prices for Colt and Remington at about half of that amount. After approximately 3,000 of the Double Action Army contract guns were delivered by March of 1862, the Starr Arms Company was asked to lower the price. According to Ordnance Contracts and Records, another 13,000 were delivered at $20.00 each. Sometime before this, after many attempts by the Starr Company to avoid it, they were forced to begin retooling in order to deliver a much simpler Single Action Model, which ultimately did happen with a unit cost of $12.00. This redesigned revolver is known as the Model 1863 Single Action Army revolver. All were in .44 caliber, had 8 inch barrels and employed the simpler single action, as we know it today. According to Ordnance Contracts and Records, 25,000 of these Single Action Army revolvers were delivered between December of 1863 and December of 1864 and there were also some sold into the civilian market.
All types have a hinged frame that once a thumb-screw is unscrewed and removed allows the frame to pivot downwards, releasing the cylinder for cleaning as well as the accessing the barrel for the same purpose.
The very rare Directions for Using Starr’s Revolver
The cylinder does not have a cylinder pin, but a small projection in front that turns within a hole in the barrel and the rear of the cylinder is similarly is supported in the frame where the ratchet to revolve the cylinder is.
Certainly, the Starr Arms Company would much rather have their higher priced contract stay in place with their existing tooling, and must have resisted making a change of this expensive retooling with a lower unit cost to the government. There are several glowing testimonials from military figures as to the advantages of the Double Action revolver. One interesting testimonial was from Lt. Colonel Alexander Shaler who wrote to Everett Clapp, Treasurer of the Starr Arms Company on July 8, 1861 that the Starr Double Action was:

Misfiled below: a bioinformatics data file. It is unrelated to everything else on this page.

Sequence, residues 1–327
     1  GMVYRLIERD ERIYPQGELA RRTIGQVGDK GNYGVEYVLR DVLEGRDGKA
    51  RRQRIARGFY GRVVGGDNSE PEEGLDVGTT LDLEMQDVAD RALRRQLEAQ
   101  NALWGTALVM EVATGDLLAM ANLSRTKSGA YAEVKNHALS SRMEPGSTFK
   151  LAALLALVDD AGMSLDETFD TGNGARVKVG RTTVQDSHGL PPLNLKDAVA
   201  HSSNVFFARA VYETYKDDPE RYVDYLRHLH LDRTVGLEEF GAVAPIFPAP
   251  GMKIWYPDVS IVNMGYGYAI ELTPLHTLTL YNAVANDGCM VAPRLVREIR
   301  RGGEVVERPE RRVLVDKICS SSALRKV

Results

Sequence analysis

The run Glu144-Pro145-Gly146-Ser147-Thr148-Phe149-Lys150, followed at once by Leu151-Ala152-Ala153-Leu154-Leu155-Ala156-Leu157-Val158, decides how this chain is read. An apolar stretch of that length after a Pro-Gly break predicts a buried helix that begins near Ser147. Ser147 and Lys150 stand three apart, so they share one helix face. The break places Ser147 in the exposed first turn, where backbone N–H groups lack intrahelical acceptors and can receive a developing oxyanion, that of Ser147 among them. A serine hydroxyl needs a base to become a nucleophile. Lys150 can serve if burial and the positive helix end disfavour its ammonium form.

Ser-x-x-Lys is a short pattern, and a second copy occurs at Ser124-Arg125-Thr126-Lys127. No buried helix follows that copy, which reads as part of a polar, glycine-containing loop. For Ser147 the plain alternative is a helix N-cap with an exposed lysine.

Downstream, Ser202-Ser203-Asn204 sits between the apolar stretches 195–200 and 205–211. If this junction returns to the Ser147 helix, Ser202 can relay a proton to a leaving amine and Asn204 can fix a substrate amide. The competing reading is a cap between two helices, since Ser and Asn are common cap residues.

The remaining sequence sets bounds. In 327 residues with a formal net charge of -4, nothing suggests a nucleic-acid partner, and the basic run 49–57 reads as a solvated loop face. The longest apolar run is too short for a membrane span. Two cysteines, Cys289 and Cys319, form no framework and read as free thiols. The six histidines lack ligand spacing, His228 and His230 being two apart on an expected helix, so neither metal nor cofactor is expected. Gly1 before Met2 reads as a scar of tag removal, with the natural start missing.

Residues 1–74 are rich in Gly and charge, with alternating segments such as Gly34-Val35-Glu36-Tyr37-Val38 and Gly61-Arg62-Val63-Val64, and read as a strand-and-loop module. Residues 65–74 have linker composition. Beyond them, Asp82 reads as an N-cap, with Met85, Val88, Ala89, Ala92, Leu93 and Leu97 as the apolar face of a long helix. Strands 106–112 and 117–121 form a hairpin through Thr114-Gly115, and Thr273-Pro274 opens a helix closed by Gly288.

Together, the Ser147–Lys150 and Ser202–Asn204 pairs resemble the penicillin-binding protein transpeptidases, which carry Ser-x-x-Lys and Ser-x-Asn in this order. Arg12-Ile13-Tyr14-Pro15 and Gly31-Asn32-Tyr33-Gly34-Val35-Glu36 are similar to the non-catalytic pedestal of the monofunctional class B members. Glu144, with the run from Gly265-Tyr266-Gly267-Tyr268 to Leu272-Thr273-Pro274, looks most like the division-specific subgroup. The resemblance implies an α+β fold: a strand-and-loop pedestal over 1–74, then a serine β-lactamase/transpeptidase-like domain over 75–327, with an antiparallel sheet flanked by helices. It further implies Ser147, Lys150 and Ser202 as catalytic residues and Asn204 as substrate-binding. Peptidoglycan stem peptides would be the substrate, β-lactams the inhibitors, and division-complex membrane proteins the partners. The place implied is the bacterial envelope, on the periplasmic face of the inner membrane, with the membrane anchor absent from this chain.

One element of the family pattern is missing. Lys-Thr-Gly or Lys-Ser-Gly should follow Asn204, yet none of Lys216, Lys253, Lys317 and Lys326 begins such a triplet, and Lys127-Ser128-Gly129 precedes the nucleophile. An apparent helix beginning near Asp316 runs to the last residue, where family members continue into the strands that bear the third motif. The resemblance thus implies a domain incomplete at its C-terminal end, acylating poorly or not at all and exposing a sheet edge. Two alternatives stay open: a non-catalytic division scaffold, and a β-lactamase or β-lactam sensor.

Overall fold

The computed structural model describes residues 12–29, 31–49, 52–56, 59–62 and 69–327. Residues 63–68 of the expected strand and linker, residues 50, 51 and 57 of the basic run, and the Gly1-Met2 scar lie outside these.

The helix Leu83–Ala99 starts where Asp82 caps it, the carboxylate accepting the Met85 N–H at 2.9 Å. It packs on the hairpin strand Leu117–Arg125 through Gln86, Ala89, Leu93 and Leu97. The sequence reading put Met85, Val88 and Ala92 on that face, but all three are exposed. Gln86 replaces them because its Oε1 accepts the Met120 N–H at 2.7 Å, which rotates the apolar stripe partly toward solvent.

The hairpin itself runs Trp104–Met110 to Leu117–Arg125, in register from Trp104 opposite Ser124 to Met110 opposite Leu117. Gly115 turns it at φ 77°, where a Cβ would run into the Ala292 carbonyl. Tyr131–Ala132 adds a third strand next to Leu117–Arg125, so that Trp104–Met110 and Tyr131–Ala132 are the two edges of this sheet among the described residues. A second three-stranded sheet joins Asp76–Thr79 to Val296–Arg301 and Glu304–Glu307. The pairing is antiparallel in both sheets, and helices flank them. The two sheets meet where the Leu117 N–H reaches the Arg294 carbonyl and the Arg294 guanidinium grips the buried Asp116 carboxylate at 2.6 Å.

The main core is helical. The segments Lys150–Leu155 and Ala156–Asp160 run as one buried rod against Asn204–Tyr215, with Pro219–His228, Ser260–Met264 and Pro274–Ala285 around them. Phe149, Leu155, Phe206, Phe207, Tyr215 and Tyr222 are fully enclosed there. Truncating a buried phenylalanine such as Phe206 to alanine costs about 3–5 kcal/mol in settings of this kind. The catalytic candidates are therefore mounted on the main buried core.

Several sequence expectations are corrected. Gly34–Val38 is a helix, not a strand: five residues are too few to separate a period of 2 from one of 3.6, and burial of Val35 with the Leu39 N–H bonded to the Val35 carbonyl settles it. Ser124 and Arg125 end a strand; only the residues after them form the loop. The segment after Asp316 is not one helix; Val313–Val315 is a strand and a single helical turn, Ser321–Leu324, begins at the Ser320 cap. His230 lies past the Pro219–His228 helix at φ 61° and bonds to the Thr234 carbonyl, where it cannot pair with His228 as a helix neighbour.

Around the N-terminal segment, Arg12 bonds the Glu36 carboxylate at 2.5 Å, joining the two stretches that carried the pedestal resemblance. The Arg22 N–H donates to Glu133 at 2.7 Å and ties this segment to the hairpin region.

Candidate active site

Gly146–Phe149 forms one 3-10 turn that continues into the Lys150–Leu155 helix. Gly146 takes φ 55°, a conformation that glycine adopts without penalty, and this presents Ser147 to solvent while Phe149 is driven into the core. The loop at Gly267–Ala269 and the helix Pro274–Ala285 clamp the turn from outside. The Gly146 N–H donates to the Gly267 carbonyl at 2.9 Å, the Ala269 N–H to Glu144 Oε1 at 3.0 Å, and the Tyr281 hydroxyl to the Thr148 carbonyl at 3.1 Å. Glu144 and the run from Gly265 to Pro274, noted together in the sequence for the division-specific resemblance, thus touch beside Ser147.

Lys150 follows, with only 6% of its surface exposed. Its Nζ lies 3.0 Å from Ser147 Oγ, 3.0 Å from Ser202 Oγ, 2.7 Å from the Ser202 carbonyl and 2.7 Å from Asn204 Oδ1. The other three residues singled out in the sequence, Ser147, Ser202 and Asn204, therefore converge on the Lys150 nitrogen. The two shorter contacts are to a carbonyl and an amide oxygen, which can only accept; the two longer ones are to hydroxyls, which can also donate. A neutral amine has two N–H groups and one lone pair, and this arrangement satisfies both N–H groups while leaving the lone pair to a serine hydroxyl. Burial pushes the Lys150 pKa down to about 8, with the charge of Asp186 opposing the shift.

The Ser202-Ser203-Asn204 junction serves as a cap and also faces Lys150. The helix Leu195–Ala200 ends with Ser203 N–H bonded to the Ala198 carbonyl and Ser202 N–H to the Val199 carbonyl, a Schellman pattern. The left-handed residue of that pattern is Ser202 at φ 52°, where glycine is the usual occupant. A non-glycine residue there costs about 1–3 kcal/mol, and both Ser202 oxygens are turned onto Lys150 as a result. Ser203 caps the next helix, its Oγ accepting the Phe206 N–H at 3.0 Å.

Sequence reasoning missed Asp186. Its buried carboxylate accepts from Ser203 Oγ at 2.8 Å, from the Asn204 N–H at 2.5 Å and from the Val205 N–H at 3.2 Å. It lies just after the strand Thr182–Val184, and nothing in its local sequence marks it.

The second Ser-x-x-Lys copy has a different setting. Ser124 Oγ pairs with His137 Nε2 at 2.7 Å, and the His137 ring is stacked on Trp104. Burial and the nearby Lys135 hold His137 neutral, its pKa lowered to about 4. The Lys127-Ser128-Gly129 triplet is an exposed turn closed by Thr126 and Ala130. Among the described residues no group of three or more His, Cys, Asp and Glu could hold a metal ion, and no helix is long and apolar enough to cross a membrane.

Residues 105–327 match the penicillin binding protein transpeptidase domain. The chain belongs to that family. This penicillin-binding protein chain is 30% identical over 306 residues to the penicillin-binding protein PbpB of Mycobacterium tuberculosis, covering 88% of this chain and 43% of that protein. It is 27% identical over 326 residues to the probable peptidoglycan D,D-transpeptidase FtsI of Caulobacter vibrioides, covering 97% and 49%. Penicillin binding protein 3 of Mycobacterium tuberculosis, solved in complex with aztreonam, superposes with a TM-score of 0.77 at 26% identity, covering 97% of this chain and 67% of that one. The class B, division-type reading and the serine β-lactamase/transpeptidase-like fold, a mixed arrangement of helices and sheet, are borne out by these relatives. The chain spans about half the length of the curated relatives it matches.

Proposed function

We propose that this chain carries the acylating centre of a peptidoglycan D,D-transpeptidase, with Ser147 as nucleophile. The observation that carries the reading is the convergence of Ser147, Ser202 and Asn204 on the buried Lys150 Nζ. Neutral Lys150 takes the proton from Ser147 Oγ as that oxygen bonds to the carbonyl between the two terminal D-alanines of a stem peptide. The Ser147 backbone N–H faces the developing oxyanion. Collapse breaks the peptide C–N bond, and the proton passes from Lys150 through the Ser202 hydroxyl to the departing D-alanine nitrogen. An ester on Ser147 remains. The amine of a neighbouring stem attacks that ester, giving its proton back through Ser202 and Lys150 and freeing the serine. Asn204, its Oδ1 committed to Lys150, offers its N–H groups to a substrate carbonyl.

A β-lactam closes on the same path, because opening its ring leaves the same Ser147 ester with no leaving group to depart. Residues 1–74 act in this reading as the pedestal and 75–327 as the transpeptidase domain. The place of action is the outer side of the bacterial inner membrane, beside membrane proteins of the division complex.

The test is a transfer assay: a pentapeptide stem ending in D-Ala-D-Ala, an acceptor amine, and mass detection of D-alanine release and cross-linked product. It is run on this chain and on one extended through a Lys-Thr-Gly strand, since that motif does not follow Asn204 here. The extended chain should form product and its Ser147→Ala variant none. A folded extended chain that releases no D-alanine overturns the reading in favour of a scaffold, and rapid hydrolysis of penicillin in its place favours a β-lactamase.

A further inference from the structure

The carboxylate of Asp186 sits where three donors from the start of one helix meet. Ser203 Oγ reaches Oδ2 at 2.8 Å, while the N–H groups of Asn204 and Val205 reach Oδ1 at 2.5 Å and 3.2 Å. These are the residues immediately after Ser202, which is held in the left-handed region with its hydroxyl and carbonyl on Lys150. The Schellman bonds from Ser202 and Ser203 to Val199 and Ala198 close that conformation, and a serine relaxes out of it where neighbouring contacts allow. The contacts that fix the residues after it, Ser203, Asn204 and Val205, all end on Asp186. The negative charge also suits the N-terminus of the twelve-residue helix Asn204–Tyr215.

“…the best weapon of the kind, I have ever practiced with. For the extent of range and accuracy of fire, it certainly has no equal.
The mechanism to my mind is perfect, and I have looked in vain for some place where an improvement might be suggested. Satisfied that you have presented to the public the Ne plus ultra of small fire arms, I trust that you receive from that public, such evidences of appreciation, as will ensure a liberal remuneration for your most valuable invention.”
The .44 caliber single action Army, by far the most popular with the troops
All of the Starr’s could be disassembled for quick change-out of cylinders by removing a knurled cross-screw
The Starr Arms Company also provided breechloading carbines, both percussion and cartridge, to the Union government towards the end of the Civil War and went on later to make cartridge derringers including a four-shot version in .32 caliber rimfire, and a single shot version in.41 caliber, examples of which are shown in the picture below.
At the end of the Civil War, most Starr revolvers were sold to firms like Stokes-Kirk, etc. Here are two that weren’t.